Limitations

This study has several limitations. We only included patients who were able to exercise. The mode of exercise used, a cycle ergometer in a semi-recumbent position, could cause lower-extremity muscle fatigue, particularly in untrained patients, and can lead to lower peak VO2 values compared to treadmill or to supine cycle ergometer. Respiratory movements at peak exercise can cause difficulties in image acquisition, and due to the angle-dependency of Doppler-measured velocities, could lead to underestimation of the calculated stroke volume.

A particular feature of our study was the noninvasive assessment of cardiac and peripheral mechanisms of exercise limitation. Noninvasively assessed A-VO2Diff, as calculated using Fick’s equation, is strongly related to oxygen uptake and cardiac output and rather reflects “non-cardiac” contributors to oxygen uptake and should not be equated to invasively measured A-VO2Diff. However, this method has been used in previous non-invasive studies [15, 17, 19, 20, 37, 45], and calculated A-VO2Diff values were similar to those measured in invasive studies [38, 51].

Our study applies only to patients with LV EF ≥ 40%. In patients with reduced LV EF, parameters of heart injury and stroke volume could play a more significant role in exercise intolerance. Furthermore, we recruited a relatively small group of patients from a single center. Some patients did not consent to participate in the study, introducing selection bias.

Conclusions

Patients who have been treated for AMI, even those without reduced LV EF, remain at a risk of developing symptomatic heart failure [52]. Identification of factors responsible for exercise intolerance is crucial for their evaluation and management. CPET-SE enables non-invasive assessment of the mechanisms of exercise intolerance. In such patients, the heart rate response during exercise and peak peripheral oxygen extraction have the most marked effect on exercise intolerance. Our findings can help in clinical decision-making and can guide therapy to improve exercise capacity. Further studies with a larger group of post-AMI patients with various degrees of left ventricular dysfunction and with directly measured A-VO2Diff are needed to confirm our findings.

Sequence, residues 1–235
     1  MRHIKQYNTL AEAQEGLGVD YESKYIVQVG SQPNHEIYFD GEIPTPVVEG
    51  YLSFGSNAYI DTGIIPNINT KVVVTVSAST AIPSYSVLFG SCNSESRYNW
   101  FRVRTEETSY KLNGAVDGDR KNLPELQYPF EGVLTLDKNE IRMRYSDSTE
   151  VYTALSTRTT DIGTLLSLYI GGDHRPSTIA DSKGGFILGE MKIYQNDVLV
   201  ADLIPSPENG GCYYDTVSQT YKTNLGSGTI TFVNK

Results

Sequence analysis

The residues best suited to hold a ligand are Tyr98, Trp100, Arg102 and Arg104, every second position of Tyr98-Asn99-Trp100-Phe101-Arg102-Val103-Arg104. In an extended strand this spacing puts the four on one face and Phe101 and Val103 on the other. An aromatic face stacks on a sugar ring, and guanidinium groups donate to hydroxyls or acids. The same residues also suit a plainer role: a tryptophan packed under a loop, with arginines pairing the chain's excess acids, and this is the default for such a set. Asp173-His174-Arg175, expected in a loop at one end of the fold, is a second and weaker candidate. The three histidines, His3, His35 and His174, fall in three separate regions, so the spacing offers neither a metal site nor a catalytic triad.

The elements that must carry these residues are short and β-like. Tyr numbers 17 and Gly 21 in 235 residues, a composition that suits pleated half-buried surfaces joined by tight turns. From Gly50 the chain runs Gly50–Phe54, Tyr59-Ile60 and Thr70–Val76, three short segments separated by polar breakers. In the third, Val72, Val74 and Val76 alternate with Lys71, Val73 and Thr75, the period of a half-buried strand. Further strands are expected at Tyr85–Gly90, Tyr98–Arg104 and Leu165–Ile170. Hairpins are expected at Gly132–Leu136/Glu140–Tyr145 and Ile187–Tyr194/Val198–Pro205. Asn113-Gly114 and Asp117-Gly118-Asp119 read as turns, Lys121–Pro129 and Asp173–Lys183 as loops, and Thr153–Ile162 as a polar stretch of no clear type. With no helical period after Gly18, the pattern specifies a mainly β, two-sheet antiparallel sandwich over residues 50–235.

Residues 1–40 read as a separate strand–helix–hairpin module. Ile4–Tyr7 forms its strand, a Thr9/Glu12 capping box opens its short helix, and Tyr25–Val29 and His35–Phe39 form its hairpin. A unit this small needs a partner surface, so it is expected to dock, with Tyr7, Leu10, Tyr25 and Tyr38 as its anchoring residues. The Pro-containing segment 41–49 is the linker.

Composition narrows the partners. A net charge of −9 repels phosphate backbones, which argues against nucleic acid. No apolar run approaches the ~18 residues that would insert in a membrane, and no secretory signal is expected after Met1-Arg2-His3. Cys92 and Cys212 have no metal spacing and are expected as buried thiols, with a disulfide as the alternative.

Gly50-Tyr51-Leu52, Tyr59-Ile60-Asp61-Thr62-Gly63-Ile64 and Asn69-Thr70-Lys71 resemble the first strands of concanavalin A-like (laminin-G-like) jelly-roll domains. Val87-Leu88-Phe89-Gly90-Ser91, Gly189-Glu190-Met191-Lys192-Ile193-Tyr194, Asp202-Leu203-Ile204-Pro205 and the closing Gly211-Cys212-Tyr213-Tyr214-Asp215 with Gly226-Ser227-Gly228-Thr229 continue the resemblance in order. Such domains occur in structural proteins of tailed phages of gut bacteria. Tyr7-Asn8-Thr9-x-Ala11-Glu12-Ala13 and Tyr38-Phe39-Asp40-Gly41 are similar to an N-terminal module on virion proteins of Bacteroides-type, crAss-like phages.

Supporting information

S1 Table. Spearman correlations for peak oxygen uptake, percent predicted oxygen uptake and clinical, and combined stress echocardiography and cardiopulmonary exercise testing data.

Abbreviations: A, late mitral inflow velocity; A-VO2Diff, arteriovenous oxygen difference; DBP, diastolic blood pressure; E, early mitral inflow velocity; e’, early diastolic myocardial velocity; LV EF, left ventricular ejection fraction; LV EDV, left ventricular end-diastolic volume; LV ESV, left ventricular end-systolic volume; LV s’, left ventricular systolic myocardial velocity; ΔO2/ΔWR, oxygen uptake to work rate increment; RV s’, right ventricular systolic myocardial velocity; SBP, systolic blood pressure; TAPSE, tricuspid annulus plane systolic excursion; VE/VCO2 slope, minute ventilation to carbon dioxide production slope; VO2, oxygen uptake; WMSI, wall motion score index.

https://doi.org/10.1371/journal.pone.0255682.s001

(DOCX)

S2 Table. Summary of the combined stress echocardiography and cardiopulmonary exercise testing parameters proposed for functional phenotyping on the basis of 2 patients from the study.

Patient A is an obese man with low physical activity, bad peripheral oxygen extraction, and low exercise capacity; patient B is a normal weight woman with high levels of daily physical activity, good peripheral oxygen extraction, and good exercise capacity. Abbreviations: A-VO2Diff, arteriovenous oxygen difference; BMI, body mass index; DBP, diastolic blood pressure; LV EF, left ventricular ejection fraction; SBP, systolic blood pressure; VE/VCO2 slope, minute ventilation to carbon dioxide production slope; VO2, oxygen uptake.

https://doi.org/10.1371/journal.pone.0255682.s002

(DOCX)